So there are three postures.
first you look at what kind of circles are involved
in the hand motions.
Then you explore whether the energy
expands and contracts,
whether it fits an imagery
(fair lady can be done like a locomotive chuffing,
and you do a bunch of other things.
when you strike you should…
push with legs, turn waist, circle (pump) the arms.
you should practice relaxing
and focusing on the smoothness of your motion.
It helps to imagine perfect circles
(ovals, spirals, etc.)
Probably the most important thing of all
when it comes to creating energy.
Breath in when the body contracts,
out when it expands.
Breath to the tan tien,
then sink the energy down the legs.
Breath as if into the body part striking
or getting struck.
there is a lot more.
Usually small things
that create a big wholism.
What the hands do the energy in the tan tien will mimic.
Shoulders MUST be over hips.
turn the body as one,
all pieces of the body must support one intention,
and so on.
if I made a simple list,
it would be a thousand items.
doing the form year in and year out
IF YOU UNDERSTAND THE TECHNIQUES
and you will figure them out in 20 or 30 years
or maybe 40.
Now you see why I obsess on matrixing so much.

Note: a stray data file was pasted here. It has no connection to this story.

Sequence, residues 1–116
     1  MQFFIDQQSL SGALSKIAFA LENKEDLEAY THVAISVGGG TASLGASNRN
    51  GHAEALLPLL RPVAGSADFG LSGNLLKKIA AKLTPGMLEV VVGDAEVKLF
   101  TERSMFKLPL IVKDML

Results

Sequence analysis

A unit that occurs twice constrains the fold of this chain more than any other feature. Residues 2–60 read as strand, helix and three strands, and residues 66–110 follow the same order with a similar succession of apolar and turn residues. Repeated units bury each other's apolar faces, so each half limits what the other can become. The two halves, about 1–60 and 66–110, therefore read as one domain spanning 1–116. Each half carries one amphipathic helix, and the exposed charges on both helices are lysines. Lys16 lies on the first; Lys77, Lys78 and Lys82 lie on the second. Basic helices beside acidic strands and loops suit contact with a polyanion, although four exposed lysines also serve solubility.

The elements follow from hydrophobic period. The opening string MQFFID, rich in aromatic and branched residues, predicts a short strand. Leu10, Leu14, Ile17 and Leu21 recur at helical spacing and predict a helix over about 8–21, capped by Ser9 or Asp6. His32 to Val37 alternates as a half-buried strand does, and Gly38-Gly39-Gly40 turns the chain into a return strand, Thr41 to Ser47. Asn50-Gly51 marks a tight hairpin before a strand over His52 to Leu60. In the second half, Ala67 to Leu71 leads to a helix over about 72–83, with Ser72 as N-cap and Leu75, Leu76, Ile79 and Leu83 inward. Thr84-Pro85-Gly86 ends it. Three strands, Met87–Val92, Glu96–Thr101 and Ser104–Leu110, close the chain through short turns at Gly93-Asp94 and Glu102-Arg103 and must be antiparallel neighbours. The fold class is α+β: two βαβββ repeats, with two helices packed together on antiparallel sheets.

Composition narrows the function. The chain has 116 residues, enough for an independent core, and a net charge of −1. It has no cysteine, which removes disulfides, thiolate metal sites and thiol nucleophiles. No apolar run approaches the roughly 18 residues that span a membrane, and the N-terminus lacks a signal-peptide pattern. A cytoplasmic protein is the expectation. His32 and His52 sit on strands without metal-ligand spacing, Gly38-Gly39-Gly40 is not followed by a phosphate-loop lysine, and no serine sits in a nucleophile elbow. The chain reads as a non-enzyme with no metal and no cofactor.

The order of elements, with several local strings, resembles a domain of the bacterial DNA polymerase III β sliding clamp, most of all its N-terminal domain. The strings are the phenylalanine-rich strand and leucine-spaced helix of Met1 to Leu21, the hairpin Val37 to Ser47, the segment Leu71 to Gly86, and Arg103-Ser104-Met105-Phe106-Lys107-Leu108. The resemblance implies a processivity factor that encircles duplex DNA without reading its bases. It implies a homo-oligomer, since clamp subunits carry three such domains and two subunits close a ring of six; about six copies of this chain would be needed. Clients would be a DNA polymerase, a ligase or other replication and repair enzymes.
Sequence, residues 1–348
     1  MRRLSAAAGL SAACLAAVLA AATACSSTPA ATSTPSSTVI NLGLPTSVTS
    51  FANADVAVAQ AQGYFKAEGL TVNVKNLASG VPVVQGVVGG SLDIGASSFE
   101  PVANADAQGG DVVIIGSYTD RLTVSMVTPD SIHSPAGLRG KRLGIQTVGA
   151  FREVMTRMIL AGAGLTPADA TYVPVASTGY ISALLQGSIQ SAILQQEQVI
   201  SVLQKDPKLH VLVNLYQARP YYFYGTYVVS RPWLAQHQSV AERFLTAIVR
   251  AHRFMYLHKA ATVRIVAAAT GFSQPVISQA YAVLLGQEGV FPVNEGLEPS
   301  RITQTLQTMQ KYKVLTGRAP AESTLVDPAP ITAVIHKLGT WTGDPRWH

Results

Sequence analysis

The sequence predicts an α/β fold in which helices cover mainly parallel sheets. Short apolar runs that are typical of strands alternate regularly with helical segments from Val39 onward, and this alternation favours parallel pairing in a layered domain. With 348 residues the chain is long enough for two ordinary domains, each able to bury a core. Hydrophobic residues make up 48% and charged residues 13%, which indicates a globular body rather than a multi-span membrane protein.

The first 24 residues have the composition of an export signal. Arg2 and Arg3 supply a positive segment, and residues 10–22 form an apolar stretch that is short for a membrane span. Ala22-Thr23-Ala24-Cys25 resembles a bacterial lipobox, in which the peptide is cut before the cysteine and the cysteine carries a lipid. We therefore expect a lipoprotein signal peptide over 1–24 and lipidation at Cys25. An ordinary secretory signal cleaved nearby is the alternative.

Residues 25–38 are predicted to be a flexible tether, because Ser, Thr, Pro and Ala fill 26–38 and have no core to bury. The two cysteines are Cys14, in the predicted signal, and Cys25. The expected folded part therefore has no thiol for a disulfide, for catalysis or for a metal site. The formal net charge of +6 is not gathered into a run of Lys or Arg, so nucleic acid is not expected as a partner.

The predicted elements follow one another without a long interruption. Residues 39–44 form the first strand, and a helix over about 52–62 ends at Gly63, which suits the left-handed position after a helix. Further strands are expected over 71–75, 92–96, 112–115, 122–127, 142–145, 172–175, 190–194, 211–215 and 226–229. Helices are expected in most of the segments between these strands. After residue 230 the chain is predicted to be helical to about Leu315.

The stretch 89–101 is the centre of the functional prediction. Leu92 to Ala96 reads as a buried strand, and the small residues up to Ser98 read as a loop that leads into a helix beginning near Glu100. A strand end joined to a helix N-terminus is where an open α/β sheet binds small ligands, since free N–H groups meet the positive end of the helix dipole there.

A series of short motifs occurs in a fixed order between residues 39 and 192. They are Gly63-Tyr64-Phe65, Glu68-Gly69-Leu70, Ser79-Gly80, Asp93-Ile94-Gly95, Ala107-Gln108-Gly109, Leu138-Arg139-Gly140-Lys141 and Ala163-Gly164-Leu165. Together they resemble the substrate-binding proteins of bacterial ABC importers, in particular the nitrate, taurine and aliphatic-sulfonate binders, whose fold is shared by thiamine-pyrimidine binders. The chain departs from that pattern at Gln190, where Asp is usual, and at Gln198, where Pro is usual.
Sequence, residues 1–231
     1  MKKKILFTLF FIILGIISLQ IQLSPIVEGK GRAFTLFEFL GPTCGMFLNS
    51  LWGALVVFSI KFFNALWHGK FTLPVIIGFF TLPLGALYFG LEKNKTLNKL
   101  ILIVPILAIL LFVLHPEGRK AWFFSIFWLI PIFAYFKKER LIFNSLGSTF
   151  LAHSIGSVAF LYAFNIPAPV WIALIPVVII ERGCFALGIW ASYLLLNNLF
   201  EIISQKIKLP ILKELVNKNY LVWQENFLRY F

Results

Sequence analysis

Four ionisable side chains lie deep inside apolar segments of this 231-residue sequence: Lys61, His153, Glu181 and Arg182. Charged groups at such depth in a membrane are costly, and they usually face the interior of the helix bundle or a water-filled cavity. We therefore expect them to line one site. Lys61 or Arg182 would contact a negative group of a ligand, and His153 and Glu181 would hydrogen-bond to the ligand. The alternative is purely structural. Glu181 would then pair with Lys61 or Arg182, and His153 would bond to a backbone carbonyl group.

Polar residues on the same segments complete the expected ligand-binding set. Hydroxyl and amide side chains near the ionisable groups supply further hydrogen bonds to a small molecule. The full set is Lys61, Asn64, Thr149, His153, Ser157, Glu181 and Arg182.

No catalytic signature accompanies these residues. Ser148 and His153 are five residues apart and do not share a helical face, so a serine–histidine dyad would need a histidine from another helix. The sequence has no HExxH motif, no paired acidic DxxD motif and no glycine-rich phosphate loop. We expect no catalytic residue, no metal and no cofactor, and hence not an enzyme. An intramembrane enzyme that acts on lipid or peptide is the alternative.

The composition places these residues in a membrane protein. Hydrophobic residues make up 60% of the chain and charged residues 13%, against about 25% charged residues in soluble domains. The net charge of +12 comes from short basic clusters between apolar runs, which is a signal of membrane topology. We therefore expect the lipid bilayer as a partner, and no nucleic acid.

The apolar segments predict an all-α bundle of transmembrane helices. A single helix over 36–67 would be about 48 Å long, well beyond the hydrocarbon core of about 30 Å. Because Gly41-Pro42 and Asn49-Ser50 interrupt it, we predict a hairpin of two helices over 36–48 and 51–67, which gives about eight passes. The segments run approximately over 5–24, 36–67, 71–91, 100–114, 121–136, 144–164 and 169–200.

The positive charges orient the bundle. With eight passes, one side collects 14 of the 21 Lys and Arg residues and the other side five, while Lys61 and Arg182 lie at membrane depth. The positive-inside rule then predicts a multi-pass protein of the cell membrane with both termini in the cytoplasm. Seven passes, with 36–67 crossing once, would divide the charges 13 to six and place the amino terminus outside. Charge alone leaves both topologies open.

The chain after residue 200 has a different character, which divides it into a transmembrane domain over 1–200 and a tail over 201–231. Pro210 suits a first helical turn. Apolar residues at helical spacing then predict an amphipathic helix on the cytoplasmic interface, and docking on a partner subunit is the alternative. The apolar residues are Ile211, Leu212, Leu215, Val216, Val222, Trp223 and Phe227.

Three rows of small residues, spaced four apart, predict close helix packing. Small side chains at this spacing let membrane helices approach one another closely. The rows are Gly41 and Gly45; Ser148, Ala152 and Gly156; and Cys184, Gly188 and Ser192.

People should, and can, learn faster.
If you do a form for 30 or so years,
if you understand the techniques,
you figure it all out.
With matrixing you can cut the time by tens.
Instead of 30 years,
But there is money in stretching the time of learning out.
Car contracts are a big thing,
most schools can’t survive without them.
when you think about people who want self defense,
and are sold,
a bill of goods.
But when martial arts started up,
over the ages,
people needed to be put in combat.
So they needed to be taught quick,
the teacher couldn’t mess up,
or make mistakes,
lives depended on him.
He didn’t worry about getting a student on contract for several years,
he simply taught fast,
knocked heads and you’d better learn,
Armies of pheasants were created in months, even weeks.
The US army is based on learn quick and fast.
We turn out the best soldieres in the world in a matter of months.
Can you imagine the US army with such a viewpoint
as is presented in the martial arts today?
‘It will take you three years to complete basic training.’
We wouldn’t be the best military in the world
with that kind of thought.
Yet that is EXACTLY the kind of thought
that goes along with the martial arts.
I can teach a guy to fight in a month.
survive in a real fight,
But fighting isn’t the martial arts.
If you read this newsletter again you’ll see
that I’m not talking about fighting…
I’m talking about the body as an energy system.
I’m not talking about muscles,
I’m talking about energy as a viable and useful tool.
I’ve talked long enough.
You’ve either got it,
or you aren’t going to get it.
There is more to life than push ups and fights.
There are philosophies,
methods of thought,
ways of living
far beyond what you ever thought…Horatio.
So here’s the obligatory ad.
Or try the whole package…
and have a great work out!
Or try the whole package…